The name has been seen as a tribute to the Queen who is mourning the loss of the Duke of Edinburgh.
GB News presenter Colin Brazier today tweeted: “There’s something slightly unsettling about a couple who seem to see children as a marketing opportunity.
“A digital brand to be commodified from birth.”
However, one follower of Mr Brazier replied with a tweet that said: “Your comment seems very harsh, Colin.
“The article makes it clear that this move is to stop other people exploiting their child’s name.”
Another Twitter follower stated: “If your child is prominent enough to make the news when they’re born, then you probably have to take steps like this.”
Harry and Meghan bought the “Lilibet Diana” and “Lili Diana” web domain names before the newborn’s name was approved by the Queen.
A spokesperson for the Sussexes confirmed that they had bought a “significant” number of domain names for a variety of potential names they had been considering.
This suggests that the couple had other names in mind had the Queen objected to the use of the name Lilibet.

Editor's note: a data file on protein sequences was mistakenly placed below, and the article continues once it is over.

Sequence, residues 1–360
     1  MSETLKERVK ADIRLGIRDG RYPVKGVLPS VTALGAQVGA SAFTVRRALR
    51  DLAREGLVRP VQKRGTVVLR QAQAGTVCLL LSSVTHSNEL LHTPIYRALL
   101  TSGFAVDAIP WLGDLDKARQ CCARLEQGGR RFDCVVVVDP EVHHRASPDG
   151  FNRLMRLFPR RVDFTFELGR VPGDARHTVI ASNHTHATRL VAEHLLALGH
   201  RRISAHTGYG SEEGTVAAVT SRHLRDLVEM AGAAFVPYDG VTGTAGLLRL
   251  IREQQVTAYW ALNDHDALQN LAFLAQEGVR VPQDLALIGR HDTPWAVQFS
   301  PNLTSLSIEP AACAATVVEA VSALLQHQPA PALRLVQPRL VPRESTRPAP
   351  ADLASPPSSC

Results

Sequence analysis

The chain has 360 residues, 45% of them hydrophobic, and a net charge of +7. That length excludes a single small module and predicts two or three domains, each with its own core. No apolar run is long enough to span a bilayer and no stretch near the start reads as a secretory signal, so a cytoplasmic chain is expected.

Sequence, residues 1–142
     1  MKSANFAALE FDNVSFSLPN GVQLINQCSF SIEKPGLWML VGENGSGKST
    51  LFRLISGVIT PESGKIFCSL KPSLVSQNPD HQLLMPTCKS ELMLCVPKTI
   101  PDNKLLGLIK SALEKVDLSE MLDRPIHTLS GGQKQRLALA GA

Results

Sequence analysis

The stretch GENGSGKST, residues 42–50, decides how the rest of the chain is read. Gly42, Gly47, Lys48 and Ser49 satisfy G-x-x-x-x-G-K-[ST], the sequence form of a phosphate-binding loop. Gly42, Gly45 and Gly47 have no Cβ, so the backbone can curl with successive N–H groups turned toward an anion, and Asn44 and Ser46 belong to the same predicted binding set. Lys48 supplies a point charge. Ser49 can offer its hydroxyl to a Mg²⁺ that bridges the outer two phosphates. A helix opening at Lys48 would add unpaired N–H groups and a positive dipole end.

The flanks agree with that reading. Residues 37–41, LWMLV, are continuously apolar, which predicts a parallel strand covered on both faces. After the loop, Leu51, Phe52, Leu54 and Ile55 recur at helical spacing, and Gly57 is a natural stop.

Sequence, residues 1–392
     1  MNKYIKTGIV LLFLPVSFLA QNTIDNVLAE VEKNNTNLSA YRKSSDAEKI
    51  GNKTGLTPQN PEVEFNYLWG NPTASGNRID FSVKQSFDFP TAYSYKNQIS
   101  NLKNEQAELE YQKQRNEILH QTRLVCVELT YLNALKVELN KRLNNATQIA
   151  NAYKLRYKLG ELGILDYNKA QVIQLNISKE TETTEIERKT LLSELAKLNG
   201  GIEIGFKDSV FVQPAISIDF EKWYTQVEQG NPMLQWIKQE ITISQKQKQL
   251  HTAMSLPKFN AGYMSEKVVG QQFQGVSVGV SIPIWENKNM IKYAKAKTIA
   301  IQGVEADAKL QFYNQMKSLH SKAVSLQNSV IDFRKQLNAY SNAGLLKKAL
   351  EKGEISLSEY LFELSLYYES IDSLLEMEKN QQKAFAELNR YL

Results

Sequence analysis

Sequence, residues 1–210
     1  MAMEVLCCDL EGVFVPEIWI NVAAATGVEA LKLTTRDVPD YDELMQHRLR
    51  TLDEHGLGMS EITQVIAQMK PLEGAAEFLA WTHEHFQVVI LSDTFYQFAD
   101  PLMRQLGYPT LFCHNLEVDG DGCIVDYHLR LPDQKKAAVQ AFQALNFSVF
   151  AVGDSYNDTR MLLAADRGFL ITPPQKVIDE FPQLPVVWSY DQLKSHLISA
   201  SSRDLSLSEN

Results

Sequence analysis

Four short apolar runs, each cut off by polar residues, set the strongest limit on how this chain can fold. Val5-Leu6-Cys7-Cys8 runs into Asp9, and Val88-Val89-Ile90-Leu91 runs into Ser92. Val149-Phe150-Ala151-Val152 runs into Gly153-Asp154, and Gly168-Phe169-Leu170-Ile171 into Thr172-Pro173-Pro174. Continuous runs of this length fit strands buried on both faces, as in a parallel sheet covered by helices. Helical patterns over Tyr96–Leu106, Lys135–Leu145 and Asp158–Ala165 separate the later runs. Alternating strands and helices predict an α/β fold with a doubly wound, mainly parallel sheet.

Meghan and Harry announced the birth of their second child, and first daughter, earlier this month.
Their daughter was born weighing 7lb 11oz.
Their daughter Lilibet Diana, who was born at a hospital in Santa Barbara, California.
Lilibet is the Queen’s family nickname and the choice pays tribute to the monarch at a challenging time for the Windsors, who are mourning the loss of the Duke of Edinburgh.
The Daily Telegraph reported that the domain name ‘lilibetdiana.com’ was purchased in the US on June 4.
This was the day the baby was born, and two days before the public announcement.
However, several days earlier, on May 31, the domain name ‘lilidiana.com’ was registered.
“This was to protect against the exploitation of the name once it was later chosen and publicly shared.”
The BBC had reported earlier this month that a Palace source said the Queen was not asked by Harry and Meghan about using the name Lilibet.
But a spokesperson for the Duke and Duchess of Sussex insisted that Prince Harry did speak to the Queen about his hope of naming his second child after her.
The spokesperson said the BBC story was “false and defamatory” in a legal warning.
Source: EXPRESS CO UK